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Why is 2015 the right time to abolish EU production quotas on sugar

2017-12-15T11:05:23+00:00 April 1st, 2012|

2015 is the right time for the abolition of EU production quotas on sugar and isoglucose because:

It will end the outdated, unfair and uncompetitive treatment of isoglucose:

  • The current quota regime artificially limits production of isoglucose (cereal-based sugar) to a tiny fraction (4%) of the overall EU sugar and isoglucose consumption market. With a 96%-guaranteed market share, the sugar industry benefits from a quasi-monopoly situation, to the detriment of isoglucose producers and in violation of the fundamental principle of fair competition enshrined in the EU Treaty. It is high time that the outdated, unfair, and discriminatory treatment of isoglucose comes to an end in 2015.[spacer size=”20″]

It will stop the problem of EU sugar supply shortages in times of increasing global demand:

  • WTO restrictions on sugar exports will remain in place as long as the EU sugar regime exists, preventing EU companies to grasp the benefits from the strong growth in world sugar demand.

  • 24 out of 27 EU Member States report problems with the supply of sugar in 2011/12[1]. The exception has now become the rule: out-of-quota sugar is regularly sold on the internal market and sugar is imported through tenders. The EU cannot continue beyond 2015 with this type of ad hoc measure that can be decided at each meeting of the Single CMO Management Committee. In addition, this decision-making process does not provide a transparent and predictable regulatory framework for the European starch industry to invest more and innovate in isoglucose production.
  • Only as of the moment the sugar regime ends, the EU starch industry will make investments to enlarge production. As an immediate consequence, the starch industry will be able to contribute to alleviating the supply shortages on the EU sugar market and meet the growing demand from EU food and drink customers. This demand cannot be met today because the isoglucose’s share is artificially limited to 4% of the overall EU sugar and isoglucose consumption market for food applications.[spacer size=”20″]

It will unleash production, investment, and growth to the benefit of the entire economy:

  • Isoglucose is a European product, almost exclusively based on EU cereals. Because of its liquid form, it does not travel or cannot be stored like sugar, and is therefore mainly delivered to EU customers. EU customers and consumers alike will benefit from a greater European isoglucose production.
  • Enabling EU starch companies to optimize their production will encourage these innovative companies to keep investing in the EU: every year, starch companies invest 100 million € in Research & Development to create new applications in diverse fields, including bio-based products.
  • Increased competition and a level playing field in the EU sweetener market will create a broader and more diverse choice, and ensure affordable sugar prices for consumers.[spacer size=”20″]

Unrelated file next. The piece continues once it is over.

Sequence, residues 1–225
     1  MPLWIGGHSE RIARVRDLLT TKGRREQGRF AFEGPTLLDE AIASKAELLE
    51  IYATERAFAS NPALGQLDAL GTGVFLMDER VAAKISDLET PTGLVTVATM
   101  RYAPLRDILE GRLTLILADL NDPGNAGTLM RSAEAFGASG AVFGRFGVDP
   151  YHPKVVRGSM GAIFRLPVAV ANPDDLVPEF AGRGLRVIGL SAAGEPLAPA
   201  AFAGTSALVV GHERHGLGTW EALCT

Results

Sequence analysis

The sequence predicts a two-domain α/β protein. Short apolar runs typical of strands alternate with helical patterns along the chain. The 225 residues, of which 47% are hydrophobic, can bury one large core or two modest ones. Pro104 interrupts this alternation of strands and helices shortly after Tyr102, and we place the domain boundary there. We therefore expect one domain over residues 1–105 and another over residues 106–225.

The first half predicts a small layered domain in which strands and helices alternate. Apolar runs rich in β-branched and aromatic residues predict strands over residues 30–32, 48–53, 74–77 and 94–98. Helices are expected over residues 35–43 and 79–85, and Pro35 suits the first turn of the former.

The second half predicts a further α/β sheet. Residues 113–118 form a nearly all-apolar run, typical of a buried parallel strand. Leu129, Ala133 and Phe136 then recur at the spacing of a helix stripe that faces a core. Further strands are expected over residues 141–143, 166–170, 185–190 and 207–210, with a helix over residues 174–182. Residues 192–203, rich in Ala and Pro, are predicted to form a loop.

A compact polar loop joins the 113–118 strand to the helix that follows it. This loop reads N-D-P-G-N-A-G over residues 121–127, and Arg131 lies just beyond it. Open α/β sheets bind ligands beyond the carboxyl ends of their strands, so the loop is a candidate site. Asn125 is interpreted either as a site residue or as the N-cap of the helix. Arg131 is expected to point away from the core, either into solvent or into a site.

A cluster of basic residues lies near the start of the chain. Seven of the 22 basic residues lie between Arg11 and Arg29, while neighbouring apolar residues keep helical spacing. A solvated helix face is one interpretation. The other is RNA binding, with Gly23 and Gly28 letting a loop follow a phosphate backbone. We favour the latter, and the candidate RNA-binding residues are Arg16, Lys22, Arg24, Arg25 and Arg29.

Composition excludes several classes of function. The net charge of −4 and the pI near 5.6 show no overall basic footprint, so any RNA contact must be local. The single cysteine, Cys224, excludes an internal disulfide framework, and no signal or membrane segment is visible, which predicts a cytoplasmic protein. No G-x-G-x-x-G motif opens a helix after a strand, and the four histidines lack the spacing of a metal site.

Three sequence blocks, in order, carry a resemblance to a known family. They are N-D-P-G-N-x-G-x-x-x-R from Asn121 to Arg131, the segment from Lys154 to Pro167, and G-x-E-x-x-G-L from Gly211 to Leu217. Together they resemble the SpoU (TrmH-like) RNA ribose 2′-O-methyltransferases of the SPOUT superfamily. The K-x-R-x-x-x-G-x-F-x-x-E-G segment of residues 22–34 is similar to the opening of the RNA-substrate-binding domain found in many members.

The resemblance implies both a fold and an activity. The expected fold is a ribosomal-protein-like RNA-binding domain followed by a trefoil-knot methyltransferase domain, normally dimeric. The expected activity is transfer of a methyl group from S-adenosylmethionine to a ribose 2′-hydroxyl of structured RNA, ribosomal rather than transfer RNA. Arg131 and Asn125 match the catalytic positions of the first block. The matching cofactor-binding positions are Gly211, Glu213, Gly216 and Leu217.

EU sugar farmers and the sugar industry are ready for a quota-free environment and will be able to reap benefits from it:

  • The European starch industry and the farming community have survived the reform of the cereal regime, the famous “MacSharry reform” agreed in 1992 and fully implemented by 1996. There is volatility both on the EU grain market and on the world sugar market. Farmers already use risk management tools to deal with this volatility – these mechanisms could also work for the EU sugar sector.
  • The potato starch regime, including production quotas, was fully abolished in the CAP Health Check of 2008 and will be fully implemented as of 1 July 2012.
  • With the end of the milk quotas in 2015, all agricultural markets but one in the EU are subject to market mechanisms. There is no reason why sugar should be the only commodity operating under a quota regime after 2015. The more so because the sugar industry has benefitted from a restructuring phase including a transition period since the last reform in 2006.
  • The tradition of contracts between producers and manufacturers in the sugar sector clearly is an advantage in the light of further market orientation. In its CAP proposals, the Commission has foreseen rules on future contracts and safety net mechanisms for farmers to be triggered under exceptional circumstances in order to cushion the extreme volatility of prices.
  • Beet growers and sugar manufacturers have considerably increased their competitiveness and beet yields have increased consistently, about 3%[2] per annum. Moreover, the EU foresees high sugar yields for this 2011/12 campaign year: up to 13,8 tons of sugar/hectare in France and 13,9  in The Netherlands, whereas Brazil’s estimate[3] for the same year is 9.8 tons/hectare. Like other EU agricultural sectors, the EU sugar sector has adapted and is ready for a quota-free environment.
  • The increased production of isoglucose will increase demand for European cereals.
  • Sugar and sugar products remain protected by their import duties at the EU borders.[spacer size=”20″]

World food and sugar demand is strongly increasing and will continue to increase.

The EU has a responsibility both to itself and to the rest of the world to play its role in meeting this demand and contributing to global food security. 2015 is the right time for the abolition of production quotas on sugar and isoglucose.

Download the PDF position paper here


[1] On 27 February 2012, the Commission sent a questionnaire to the Member States to assess the current EU sugar market situation. Member States then reported these problems of supply during the Single CMO Management Committee meeting of 8 March 2012.

[2] Source: Czarnikow Group Ltd, “The EU trade in a Global Context”.

[3] Source: Datagro, Brazilian consultant on ethanol and sugar, http://www.datagro.com.br/.